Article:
Running a Facebook page is a lot of work, but by the same token, it’s hard to outsource. There’s a lot you have to keep in mind, personal details about your marketing, your brand, and your plan. Sure, there are professionals who make a living managing Facebook pages, but they’re often extremely expensive, especially for an overworked entrepreneur with little or no help. You can’t ditch Facebook, but letting it languish is worse than killing it entirely. It’s too expensive to outsource to a firm founded for the purpose, so you’re left with limited options.
You can still outsource Facebook marketing, you just need to go about it a little differently. What you need is a virtual assistant.
What is a Virtual Assistant?
I’ve actually seen a little confusion on this point, primarily in the last few years, as phone companies have begun to co-opt the term for their own use. To be clear, I’m not talking about getting Cortana or Siri to manage Facebook for you.
A virtual assistant in this case is similar to a personal assistant, or in some cases an administrative assistant or even secretary. They are professionals who specialize in administrative, technical, or other forms of assistance for the people who hire them. In this case, you’d be hiring them for their social media management capability, rather than something like bookkeeping or data entry.
A virtual assistant is a personal assistant who works with you online. You never need to meet with them face to face, and even something as advanced as a Skype call is often unnecessary. As long as you can find a satisfactory means of communication for both people, it can be anything from Google Voice or GChat to AIM or simple email.
With the prominence of advanced marketing tools, it’s grown easier than ever to allow a virtual assistant to work with your social profiles without having to give them total control. Whenever you see a program like HootSuite that has space for team members, they’re allowing for the possibility of virtual assistants as well as in-house employees.
Virtual assistants have the benefit of being cheap compared to all of your other options. They’re faster and cheaper in terms of time than doing everything yourself, though obviously you pay for that freedom. They’re cheaper than hiring an employee in house, and they’re cheaper than a dedicated Facebook marketing firm.
The caveat, the flip side, is that they might not be specialists in the field you want. They might have Facebook Expertise listed on their credentials, but that doesn’t necessarily mean they know the ins and outs of Power Editor for Facebook ads, or how EdgeRank specifically works. It means they know how to use Facebook at a casual level and have some basic understanding of marketing.
You will generally need to spend some time training a virtual assistant and bringing them up to speed. If nothing else, even if they are experts in Facebook marketing, they still need to understand your brand and your goals, and need to be provided with resources so they can succeed working for you without having to bug you every ten minutes with a question.
Virtual assistants are freelancers and work on a contract basis. This means you won’t have to deal with taxes when paying them, but you will have to send out the appropriate tax forms each year. You will also not be able to make total demands on their time; how they work is up to them, as long as they get the work you want them to do done. They are also free to work with other clients, up to and including your competitors, and you neither get to know nor get a say in their choice. That is, of course, unless you can convince them to sign a contract with an exclusivity or non-compete clause, but good luck with that. Most freelancers will just laugh at you if you try that, unless your pay rate is good enough to warrant it, at which point you should just contract a marketing company instead.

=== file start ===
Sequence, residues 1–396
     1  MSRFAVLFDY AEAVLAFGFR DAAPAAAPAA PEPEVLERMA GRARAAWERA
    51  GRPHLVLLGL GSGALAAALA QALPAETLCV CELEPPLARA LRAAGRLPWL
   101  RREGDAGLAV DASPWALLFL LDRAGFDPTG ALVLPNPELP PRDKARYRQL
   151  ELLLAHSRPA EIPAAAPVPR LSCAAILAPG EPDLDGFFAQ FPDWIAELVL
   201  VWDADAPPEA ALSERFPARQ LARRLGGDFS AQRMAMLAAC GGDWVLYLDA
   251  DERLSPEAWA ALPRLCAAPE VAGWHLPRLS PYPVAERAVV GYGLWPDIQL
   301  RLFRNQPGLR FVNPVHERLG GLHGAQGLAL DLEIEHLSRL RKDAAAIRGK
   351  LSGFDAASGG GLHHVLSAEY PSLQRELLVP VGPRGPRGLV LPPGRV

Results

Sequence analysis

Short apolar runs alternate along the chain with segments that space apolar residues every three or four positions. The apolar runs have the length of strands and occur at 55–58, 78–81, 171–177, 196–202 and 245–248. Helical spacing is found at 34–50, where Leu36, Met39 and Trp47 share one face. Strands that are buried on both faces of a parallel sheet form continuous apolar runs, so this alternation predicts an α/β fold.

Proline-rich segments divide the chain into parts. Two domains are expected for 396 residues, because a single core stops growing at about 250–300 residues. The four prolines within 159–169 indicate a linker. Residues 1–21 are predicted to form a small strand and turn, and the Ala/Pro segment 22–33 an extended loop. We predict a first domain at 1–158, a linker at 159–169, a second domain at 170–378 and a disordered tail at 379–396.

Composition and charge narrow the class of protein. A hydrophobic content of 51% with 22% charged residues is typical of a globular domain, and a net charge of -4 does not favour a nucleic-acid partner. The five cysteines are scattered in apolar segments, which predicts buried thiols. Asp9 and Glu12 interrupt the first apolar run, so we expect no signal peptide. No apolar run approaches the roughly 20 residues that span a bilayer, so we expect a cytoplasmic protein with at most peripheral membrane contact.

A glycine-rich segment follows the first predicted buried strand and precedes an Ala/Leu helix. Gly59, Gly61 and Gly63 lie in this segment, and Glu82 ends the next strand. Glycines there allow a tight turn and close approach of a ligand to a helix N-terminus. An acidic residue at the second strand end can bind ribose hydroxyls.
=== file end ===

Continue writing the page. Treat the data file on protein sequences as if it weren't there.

Since you’re working with a virtual worker who doesn’t work in an office under your control and doesn’t use hardware you own, you have very little say over how they perform their work. However, if you have specific tools for them to use, like an account with HootSuite, AgoraPulse, or Buffer, you may want them to continue using it. This gives them access to the resources you already have in your account, the projects, organization, and data you’ve compiled. Even just working with Facebook, you would need to add them to your page with an editor or advertiser role.
Security is, obviously enough, a concern. You don’t want to simply give them your user info and passwords; they would be free to change them on you or demolish your account without repercussion or limitation.
Lastpass, the password manager, has a way to deliver an encrypted book of passwords to another user so they can use dummy passwords, filtered through it, to access accounts. However, this only keeps your password secure, not your account. They still have access once they’re logged in.
The real solution, as mentioned above, is to add them as a limited team member on an account you control as administrator. HootSuite and many other marketing tools have this option, as does Facebook itself. Page roles are Facebook’s organizational structure if you don’t need any special tools, or want the virtual assistant to use their own.
Finding a Virtual Assistant
Now, the first thing you want to do is find a virtual assistant you can work with. There are a few considerations to keep in mind here.
- Foreign or domestic? Virtual assistants based out of Malaysia, India, or other countries with low living costs can be very cheap, but you may have to deal with timing issues and a language barrier, not to mention payments across borders and legality issues if they somehow scam you.
- Budget? This partially ties into the previous point, but your budget limitations will have serious consequences on who you can hire. The more you’re willing to train, the more you can consider a cheaper VA.
- Attitude. Remember, a virtual assistant is a contractor and employee first and foremost. You should be able to get along with them, but they aren’t your friend. They aren’t going to be chatting about movies all day or listening to your latest love life woes.